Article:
Most people have heard of obsessive compulsive disorder (OCD), but misconceptions about the condition are common. The one we probably hear most frequently is that it’s mostly about being really neat and clean! If we delve into OCD, however, we find that there’s much more going on.
Someone who has OCD will tend to have very strong beliefs about responsibility: specifically, how much responsibility they personally have for making sure that something bad doesn’t happen. This quite often forms in childhood. Other factors that can contribute to someone developing OCD are generalised anxiety, the need for certainty, and perfectionism. Stressful events can also sometimes be the trigger.
How do people experience OCD? The condition typically has three ‘layers’: intrusive thoughts, which lead to obsessions, and then compulsive behaviours.
Intrusive thoughts are spontaneous thoughts, images, urges or doubts that pop into our minds seemingly out of nowhere. We all experience intrusive thoughts, and normally these aren’t problematic. Someone with OCD, however, is more likely to be bothered by these thoughts and to wonder what they mean. As a result, they can become more frequent and distressing.
For example, a parent might have intrusive thoughts about injuring their child, and feel this is alerting them to a ‘danger’ they are responsible for preventing.
Obsessions or obsessional thinking happens when these intrusive thoughts return again and again. This can be very upsetting. The parent mentioned above might worry that their child might get injured because they keep thinking about it, or even that they want to injure their child.
Compulsions are behaviours the person with OCD carries out because they believe they will reduce or prevent the danger they perceive is there. These might include physical actions such as repeated hand-washing or checking something, seeking reassurance or avoiding a situation, or they could be something that happens in the mind, such as trying to suppress or ‘argue’ with the thoughts.
The compulsions are the way in which people with OCD try to cope with their intrusive thoughts – but they only serve to amplify them, or become problematic in themselves.
For instance, imagine that someone who considers herself to be conscientious and responsible made a potentially serious mistake at work, which was quickly spotted and put right. She now experiences doubt about whether everything is correct whenever she carries out her tasks, which drives her to check details multiple times. This slows her down, and makes her distressed and anxious – leading to an increased sense of doubt and threat. She tries to deal with this by extending her compulsive behaviours into other areas and tasks. This keeps the cycle going.
How is it treated? As well as misconceptions around OCD itself, people sometimes have the wrong idea about what the treatment will involve – expecting it to be focused on trying to convince them that their beliefs aren’t true. Instead, CBT treatment will involve you and your therapist working collaboratively to understand and change the beliefs and behaviours that are causing you problems.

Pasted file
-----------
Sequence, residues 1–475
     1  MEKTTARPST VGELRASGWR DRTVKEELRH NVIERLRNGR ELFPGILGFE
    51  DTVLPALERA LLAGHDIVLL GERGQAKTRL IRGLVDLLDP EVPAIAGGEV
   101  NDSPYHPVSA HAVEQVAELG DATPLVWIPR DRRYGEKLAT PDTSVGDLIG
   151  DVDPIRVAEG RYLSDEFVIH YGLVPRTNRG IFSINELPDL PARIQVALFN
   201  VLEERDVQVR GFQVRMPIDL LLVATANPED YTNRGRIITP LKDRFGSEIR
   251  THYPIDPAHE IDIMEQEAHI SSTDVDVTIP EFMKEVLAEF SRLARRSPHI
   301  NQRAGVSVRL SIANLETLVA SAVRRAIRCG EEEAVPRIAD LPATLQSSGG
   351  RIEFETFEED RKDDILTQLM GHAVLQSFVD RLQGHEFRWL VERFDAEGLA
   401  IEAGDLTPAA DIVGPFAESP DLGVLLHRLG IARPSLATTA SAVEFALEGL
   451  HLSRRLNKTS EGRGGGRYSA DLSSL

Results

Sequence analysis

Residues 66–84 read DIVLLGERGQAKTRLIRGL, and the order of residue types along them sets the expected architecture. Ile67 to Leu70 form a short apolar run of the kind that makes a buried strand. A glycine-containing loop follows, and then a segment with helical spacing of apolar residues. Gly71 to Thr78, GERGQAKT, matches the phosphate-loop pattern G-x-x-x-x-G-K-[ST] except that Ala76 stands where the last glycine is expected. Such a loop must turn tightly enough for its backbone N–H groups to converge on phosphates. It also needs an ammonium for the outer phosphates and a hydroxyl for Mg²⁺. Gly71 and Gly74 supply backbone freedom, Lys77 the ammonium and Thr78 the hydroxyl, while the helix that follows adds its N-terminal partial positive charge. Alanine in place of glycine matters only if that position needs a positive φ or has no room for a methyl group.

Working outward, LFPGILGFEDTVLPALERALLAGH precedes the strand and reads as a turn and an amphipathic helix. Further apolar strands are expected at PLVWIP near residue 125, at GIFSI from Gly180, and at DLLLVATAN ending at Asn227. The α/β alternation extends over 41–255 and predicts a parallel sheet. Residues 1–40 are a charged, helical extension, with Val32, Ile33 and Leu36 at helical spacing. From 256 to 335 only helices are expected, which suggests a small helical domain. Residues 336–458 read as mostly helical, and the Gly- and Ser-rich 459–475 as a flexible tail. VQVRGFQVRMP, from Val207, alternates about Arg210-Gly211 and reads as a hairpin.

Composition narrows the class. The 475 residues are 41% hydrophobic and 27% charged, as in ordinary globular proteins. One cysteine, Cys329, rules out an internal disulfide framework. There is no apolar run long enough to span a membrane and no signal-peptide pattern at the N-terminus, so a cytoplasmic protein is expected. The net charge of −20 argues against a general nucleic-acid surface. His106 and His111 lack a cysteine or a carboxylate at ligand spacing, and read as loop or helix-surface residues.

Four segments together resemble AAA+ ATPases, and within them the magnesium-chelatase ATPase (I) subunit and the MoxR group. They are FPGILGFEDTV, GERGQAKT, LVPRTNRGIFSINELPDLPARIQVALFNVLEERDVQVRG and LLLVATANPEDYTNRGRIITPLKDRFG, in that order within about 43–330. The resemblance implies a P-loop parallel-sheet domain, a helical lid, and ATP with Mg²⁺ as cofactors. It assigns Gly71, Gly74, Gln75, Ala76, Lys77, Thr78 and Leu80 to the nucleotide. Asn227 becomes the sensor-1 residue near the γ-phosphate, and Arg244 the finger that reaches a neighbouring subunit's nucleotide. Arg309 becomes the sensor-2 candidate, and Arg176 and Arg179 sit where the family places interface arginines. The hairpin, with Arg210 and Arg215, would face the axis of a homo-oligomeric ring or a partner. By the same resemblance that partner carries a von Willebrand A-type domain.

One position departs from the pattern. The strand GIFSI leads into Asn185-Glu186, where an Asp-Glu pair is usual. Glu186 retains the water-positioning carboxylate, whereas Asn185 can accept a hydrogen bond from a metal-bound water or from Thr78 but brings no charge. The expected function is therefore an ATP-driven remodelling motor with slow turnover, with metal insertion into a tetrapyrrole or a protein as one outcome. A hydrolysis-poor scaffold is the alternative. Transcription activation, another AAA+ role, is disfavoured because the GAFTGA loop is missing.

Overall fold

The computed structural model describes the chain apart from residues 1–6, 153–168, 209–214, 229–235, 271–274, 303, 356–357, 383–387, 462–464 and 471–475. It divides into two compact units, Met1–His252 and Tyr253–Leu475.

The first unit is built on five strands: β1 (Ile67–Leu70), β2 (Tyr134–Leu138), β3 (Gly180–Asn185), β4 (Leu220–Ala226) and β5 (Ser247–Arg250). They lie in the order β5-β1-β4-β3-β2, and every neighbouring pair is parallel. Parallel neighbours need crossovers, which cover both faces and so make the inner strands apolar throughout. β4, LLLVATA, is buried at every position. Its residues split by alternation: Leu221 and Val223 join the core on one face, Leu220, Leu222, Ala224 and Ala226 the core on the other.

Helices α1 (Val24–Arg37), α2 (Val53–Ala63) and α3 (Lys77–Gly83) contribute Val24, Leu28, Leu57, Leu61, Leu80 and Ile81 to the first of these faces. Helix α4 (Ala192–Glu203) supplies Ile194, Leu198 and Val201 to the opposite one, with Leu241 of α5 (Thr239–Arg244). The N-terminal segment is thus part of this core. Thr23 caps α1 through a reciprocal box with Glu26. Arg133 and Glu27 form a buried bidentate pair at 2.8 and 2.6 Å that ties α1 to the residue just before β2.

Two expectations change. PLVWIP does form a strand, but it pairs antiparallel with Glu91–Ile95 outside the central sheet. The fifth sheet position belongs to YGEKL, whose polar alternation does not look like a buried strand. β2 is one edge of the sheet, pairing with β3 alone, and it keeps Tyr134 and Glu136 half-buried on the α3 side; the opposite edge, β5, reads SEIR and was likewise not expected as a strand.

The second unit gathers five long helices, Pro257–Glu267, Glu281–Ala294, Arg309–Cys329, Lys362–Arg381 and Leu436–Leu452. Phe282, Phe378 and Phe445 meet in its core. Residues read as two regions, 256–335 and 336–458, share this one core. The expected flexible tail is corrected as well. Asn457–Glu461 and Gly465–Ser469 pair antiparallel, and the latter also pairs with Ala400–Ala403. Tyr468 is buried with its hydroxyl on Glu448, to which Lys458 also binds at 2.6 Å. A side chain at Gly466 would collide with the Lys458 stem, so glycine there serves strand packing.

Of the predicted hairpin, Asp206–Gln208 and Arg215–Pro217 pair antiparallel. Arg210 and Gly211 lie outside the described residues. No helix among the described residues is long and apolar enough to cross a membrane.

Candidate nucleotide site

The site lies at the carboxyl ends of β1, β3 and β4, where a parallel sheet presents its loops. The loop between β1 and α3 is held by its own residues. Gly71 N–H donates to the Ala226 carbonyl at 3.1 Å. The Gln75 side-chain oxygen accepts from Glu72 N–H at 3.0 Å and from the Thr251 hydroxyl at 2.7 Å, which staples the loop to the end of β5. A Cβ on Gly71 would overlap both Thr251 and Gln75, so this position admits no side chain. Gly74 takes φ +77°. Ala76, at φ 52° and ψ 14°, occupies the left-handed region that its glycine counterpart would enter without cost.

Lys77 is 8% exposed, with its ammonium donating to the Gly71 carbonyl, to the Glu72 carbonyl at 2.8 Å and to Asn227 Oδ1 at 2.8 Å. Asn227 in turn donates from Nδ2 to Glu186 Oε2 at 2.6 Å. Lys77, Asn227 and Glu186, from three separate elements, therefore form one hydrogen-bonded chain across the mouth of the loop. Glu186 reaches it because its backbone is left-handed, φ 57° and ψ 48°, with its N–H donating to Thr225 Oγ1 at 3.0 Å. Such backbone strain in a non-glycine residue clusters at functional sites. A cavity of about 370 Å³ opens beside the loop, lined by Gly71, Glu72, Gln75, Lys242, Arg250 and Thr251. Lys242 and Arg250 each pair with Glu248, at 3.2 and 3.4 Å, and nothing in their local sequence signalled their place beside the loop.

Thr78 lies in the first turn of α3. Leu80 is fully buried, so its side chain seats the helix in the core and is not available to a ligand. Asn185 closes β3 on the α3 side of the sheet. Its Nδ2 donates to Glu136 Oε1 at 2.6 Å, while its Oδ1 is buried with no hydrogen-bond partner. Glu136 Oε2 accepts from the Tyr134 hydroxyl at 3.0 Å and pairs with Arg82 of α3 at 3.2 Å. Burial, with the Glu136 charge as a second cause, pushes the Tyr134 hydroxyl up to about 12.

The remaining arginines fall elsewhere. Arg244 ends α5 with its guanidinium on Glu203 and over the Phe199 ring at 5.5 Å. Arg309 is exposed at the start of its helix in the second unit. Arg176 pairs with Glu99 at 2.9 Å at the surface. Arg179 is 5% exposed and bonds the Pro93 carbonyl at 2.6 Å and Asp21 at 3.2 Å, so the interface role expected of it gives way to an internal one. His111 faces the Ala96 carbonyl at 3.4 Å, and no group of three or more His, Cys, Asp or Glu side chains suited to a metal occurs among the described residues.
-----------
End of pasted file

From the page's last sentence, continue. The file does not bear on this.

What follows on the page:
An important part of this is helping you to get a different perspective on your difficulties. For instance, the therapist could help a parent who thinks they’re careless and might injure their child to consider another view – for instance that they’re an extremely caring parent who’s worried about being careless and injuring their child.
Behavioural experiments can also be helpful. The employee who’s worried about making a mistake might believe that checking every email several times is necessary, because it makes her feel less doubtful that there are errors. She can test this by checking the email once and asking herself how sure she is there are no mistakes, then checking it several times and asking the same question. People tend to realise they actually feel more doubt when they check multiple times, so doing this serves no purpose, and in fact creates more worry.
The therapist might also set up some enlightening conversations with the patient to potentially change her view of responsibility, by getting her to consider:
- Is there someone you know who you’d say is responsible?
- What makes you think they are responsible?
- Have they ever made a mistake?
- Did you think they were no longer responsible when you heard about their mistake?
These exercises would help to change her thinking from: “I’m an irresponsible person who makes mistakes, so I need to follow any doubts I feel, and check everything to prevent mistakes” to “I’m a responsible person who occasionally makes mistakes. I worry about this because I care about being organised. But following my doubts just makes me worry more”.
If you’re experiencing OCD symptoms and would like to try a self-help resource, there’s a book called Overcoming OCD that will give you lots of techniques to try. If the symptoms are significantly affecting your life, you can read more about how CBT can help, and find out whether you can sign up for online treatment with Ieso.